Between 1986 and 1988, the BBC produced a programme called Fax!, which answered questions posed by viewers. One question was "Whatever happened to John Noakes and Shep?" Noakes and his wife appeared on the show on 20 January 1987 to reveal what he had been doing since retiring from television, and during the course of the interview, Noakes tearfully revealed that Shep had died just three days previously.[3]

Notwithstanding his status as an icon for a whole generation, Noakes has become publicly bitter about his Blue Peter experiences.Despite having come across as a very natural presenter, he claimed his television personality was a fake, and he was merely acting a role. He also complained about his perceived low salary during his time on Blue Peter, and expressed disgust that he had apparently never been insured for any of the stunts he had undertaken, claiming that he would never have gone through with them had he been aware of this at the time.

Programme editor "Biddy Baxter was an awful woman," he said in 1999. "I don't want to talk about her."[4] Baxter, for her part, has denied Noakes claims about the lack of insurance for his stunts.[5] The Singleton/Noakes/Purves team was reunited in October 1998 for a programme celebrating 40 years of Blue Peter and again in January 2000 for the disinterment of the time capsule that they had buried in 1971.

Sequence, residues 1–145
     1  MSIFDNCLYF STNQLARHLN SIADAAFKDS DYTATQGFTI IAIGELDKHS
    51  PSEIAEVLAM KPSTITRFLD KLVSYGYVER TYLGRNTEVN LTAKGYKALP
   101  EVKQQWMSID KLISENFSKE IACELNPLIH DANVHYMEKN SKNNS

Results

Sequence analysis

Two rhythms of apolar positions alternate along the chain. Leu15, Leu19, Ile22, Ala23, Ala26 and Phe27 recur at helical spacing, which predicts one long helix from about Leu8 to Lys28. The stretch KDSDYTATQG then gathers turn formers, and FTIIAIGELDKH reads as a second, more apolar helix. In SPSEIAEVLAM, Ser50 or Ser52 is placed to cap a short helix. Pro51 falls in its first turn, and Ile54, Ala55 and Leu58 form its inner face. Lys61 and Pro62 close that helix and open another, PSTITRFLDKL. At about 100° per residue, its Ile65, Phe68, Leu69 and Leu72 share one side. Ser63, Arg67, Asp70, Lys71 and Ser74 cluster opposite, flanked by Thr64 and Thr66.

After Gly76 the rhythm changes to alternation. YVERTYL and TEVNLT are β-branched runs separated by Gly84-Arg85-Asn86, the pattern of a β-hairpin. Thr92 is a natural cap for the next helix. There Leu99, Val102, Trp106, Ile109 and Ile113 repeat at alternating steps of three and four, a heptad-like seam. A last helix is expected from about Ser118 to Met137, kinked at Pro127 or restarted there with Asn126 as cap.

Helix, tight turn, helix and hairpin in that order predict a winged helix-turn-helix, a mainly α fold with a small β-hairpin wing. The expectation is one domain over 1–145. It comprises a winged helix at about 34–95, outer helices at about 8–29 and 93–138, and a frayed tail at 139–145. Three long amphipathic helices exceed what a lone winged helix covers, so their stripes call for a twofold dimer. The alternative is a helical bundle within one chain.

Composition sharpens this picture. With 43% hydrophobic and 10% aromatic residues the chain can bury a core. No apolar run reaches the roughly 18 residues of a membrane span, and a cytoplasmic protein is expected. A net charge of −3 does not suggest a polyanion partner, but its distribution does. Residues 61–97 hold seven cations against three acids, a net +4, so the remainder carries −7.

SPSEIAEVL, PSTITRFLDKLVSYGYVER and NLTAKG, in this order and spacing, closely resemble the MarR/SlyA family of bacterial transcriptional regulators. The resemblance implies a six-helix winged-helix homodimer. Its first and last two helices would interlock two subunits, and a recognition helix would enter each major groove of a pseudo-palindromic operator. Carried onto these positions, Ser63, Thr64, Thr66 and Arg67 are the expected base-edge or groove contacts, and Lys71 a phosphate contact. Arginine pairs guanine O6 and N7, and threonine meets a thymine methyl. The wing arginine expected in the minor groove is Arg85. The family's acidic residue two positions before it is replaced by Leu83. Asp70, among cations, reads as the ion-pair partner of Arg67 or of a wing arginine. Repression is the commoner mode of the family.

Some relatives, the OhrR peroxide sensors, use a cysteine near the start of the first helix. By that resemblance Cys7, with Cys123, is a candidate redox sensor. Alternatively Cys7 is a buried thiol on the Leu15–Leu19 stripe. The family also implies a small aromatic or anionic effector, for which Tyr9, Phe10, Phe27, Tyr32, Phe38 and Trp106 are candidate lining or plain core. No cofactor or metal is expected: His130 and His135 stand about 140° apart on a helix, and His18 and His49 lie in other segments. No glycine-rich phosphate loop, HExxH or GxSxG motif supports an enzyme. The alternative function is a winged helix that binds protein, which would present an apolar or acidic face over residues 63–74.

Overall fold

In 2003, Noakes co-hosted an ITV1 series entitled Mad About Pets and in 2004, he took part in the Living TV reality TV show I'm Famous and Frightened!. A year later, he appeared in the Channel 5 programme Britain's Worst Celebrity Driver.

On 14 June 2008, he appeared in a Blue Peter-themed edition of the Weakest Link, being voted off second. It was noted that when the presenter Anne Robinson spoke about Shep he became visibly upset and could not hold back the tears trying to answer the question.

He is now a language tutor, specialising in Romance languages. He is trained in the Michel Thomas method of language tuition.

On 7 September 2013, he appeared with Peter Purves in Pointless Celebrities (episode 6 of series 4).

Other TV Work[]

Overlapping with his period on Blue Peter, Noakes and Shep appeared in another factual series, Go With Noakes, in which they travelled around the country getting involved in diverse activities like motor racing, rowing, aerobatics and painting. In each series Noakes was featured travelling around Britain in a particular mode, e.g. sailing, narrow boat, walking, open top car. Go With Noakes began on 28 March 1976, and would run for five series and 30 episodes, finishing its original run on 21 December 1980.[1]

Noakes left Blue Peter on 26 June 1978.[2] Popular belief has it that he was not allowed to keep Shep, but although the dog was indeed legally owned by the BBC, Noakes was offered the option of keeping him. However, according to the behind-the-scenes book Blue Peter The Inside Story (by Biddy Baxter, the show's longest-serving Editor), this was conditional on Noakes not using Shep for any advertising or commercial purposes.